Remember his followers chanting “Lock her up?”

Mr T is telling us not to believe what we saw on TV with our own eyes, the Sessions’ big lie about Russia. And for more Dr Strangelove news, Russian media is advising Mr T to stay the course with Sessions. http://www.bbc.com/news/world-39157854

Recusing himself from an investigation into Russian interference in our election is not enough, and I predict by Monday Jeff Sessions will be gone. This house of cards is just waiting for that March wind to come in and sweep up the liars and the lobbyists. Maybe we will all wake from this nightmare that Mr T won the election, by a “landslide.” Maybe the moonlight will cast its shadow on our democracy, and our would-be King, with his jester Bannon, will have to see the folly he has created.

Then we can all dance like nobody’s watching.

davecaitly-619

 

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Tell me something good
Tell me that you love me, yeah

This Rufus & Chaka Khan song has been spinning through my head for days. Penned by Stevie Wonder, it’s not so much a funky love song to me, as it is a plea to our newly elected executive branch to stop worrying about a nuclear arms race. And rolling back civil rights, including where we can take a leak. Cause it’s not about bathrooms boys!

So here’s something good Bob and I have been planning for weeks now – a trip to the South of France. And it’s OK that the French are ratcheting up their own particular brand of politics, because I don’t plan on reading anything about their election. This trip will be purely hedonistic; we’ll be staying at a villa with a group of friends and a CHEF!  And we will be learning how to cook French food!

As some of you may know, Bob loves to travel. His parents carted him around the world as a child. I recently saw some early footage of 7 year old Bob lugging a gigantic pair of binoculars off a boat in the Caribbean. Plus, since we affirmed our Ancestry DNA I’ve realized that he has a strong nomadic gene that keeps his eyes searching for the horizon, or an oasis, or something… If he sits still for too long in one place, his biology may actually change! His fingers and toes start to tingle and off he goes!

Me, travel? Not so much. Maybe it’s my biology too? After all, the Irish always knew to “Pay the rent first” since their Protestant landlords could throw them off their farms at a moment’s notice. And then there’s my Year of Living Dangerously, which lead to my own nomadic existence. Driving back and forth across the Delaware Water Gap to visit the Flapper who was recuperating from the automobile accident. I had a paradoxical upbringing, filled with unconditional love from two very different families who tried to share me equally.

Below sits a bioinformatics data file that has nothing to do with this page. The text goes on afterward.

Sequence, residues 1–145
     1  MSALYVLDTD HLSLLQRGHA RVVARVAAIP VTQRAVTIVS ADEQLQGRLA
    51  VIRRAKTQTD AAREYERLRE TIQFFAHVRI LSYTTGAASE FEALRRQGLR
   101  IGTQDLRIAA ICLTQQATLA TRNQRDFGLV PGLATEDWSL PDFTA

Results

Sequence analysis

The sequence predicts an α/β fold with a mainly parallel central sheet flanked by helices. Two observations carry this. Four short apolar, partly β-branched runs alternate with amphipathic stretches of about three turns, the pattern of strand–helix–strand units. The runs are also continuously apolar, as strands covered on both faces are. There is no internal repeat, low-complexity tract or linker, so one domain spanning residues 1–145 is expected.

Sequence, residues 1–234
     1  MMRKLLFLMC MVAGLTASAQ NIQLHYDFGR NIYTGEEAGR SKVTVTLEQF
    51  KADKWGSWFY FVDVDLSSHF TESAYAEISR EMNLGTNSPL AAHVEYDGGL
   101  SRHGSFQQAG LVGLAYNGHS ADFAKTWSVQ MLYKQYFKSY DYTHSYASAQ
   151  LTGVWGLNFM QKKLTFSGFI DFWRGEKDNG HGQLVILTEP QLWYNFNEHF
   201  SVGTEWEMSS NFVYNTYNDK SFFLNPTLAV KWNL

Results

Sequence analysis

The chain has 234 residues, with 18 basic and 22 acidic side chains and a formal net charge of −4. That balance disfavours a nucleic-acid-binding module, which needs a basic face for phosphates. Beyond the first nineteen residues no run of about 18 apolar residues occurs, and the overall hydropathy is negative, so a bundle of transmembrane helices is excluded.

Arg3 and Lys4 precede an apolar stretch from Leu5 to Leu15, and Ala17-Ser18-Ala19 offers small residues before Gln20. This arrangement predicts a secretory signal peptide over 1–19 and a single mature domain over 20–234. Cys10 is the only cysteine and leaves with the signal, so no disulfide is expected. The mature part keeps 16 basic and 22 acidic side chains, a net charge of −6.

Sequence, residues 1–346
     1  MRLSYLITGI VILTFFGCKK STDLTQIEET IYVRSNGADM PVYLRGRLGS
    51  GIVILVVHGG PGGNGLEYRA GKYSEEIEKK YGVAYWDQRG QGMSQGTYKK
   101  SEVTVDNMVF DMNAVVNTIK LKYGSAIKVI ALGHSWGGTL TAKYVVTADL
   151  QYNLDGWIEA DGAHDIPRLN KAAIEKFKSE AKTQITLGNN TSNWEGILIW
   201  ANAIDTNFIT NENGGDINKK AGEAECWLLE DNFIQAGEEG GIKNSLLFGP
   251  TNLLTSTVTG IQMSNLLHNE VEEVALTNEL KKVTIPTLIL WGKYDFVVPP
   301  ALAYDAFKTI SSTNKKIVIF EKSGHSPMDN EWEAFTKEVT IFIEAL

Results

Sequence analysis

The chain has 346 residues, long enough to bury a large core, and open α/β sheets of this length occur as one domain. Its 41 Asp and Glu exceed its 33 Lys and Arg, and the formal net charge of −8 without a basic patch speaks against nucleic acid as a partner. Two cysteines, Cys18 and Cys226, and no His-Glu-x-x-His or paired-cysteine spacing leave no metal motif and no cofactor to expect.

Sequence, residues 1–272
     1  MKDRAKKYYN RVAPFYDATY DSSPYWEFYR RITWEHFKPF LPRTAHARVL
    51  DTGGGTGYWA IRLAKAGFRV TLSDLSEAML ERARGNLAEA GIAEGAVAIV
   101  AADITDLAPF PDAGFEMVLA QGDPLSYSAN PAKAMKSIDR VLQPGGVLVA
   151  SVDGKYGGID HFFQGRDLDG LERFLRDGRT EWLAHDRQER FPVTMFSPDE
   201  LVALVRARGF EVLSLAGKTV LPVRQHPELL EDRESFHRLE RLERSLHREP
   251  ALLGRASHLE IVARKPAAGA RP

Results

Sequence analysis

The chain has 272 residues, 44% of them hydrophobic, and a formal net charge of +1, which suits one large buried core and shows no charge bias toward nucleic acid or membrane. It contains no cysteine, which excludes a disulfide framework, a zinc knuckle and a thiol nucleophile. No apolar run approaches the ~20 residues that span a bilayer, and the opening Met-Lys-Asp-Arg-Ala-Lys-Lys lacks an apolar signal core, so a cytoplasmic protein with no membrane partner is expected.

Instead of thriving on this NJ to PA cross-cultural-border parenting, I became an adult who preferred to stay at home with a nice cup of tea, or a glass of wine. I might have become agoraphobic if it wasn’t for the Flapper. She instilled in me a love for learning about other people, for listening to their stories. And there’s only so much one can learn from their own front porch.

We travel light, two carry-ons. And this time no children, or grandchildren, which is only the second time for us; we did that Viking cruise last year. I’ve heard that the first ten to fifteen years of retirement people travel quite a bit, and knowing Bob I had better be prepared with travel-size toiletries. I will keep a bag packed.

This morning i stumbled upon an article in the Travel section of BBC News, “50 Reasons to #LoveTheWorld.” Stunning photographs and insight into why (some) people love to travel. My reason might be “Because widening my experience of other cultures deepens my capacity for compassion.” It also helps me live in the NOW, since I love to leave lots of time unplanned to discover the unexpected.

http://www.bbc.com/travel/gallery/20161122-50-reason-to-lovetheworld–2016-edition

But first I have to make a poster for the Town Hall we’ll be attending this weekend at the local high school. The one our GOP Rep Tom Garrett refuses to attend after hosting two cowardly Facebook meetings: “The Facebook event couldn’t really even be considered a town hall. It was more Tom Garrett reading pre-written statements into a camera. Constituents continually said that the Facebook event was insufficient and that they needed an in-person town hall where there could be an actual conversation between Tom Garrett and his constituents. Garrett ultimately refused to hold such an event, saying of his events during the congressional recess that ‘most will be online’”  http://bluevirginia.us/2017/02/tom-garrett-tried-avoid-constituents-holding-virtual-town-hall-facebook-not-go-well

Sorry for that bit of Bad News Garrett from the 5th Congressional District of the Old Dominion. On a lighter note, Ms Bean always wants to go outside to her slice of sun on the deck! Enjoy this beautiful Spring weather everyone.  ps, that’s a pomelo we didn’t pick from a tree, like we did in California (insert smile emoji). And it sits atop a French waxed tablecloth of lavender from the French West Indies.img_0125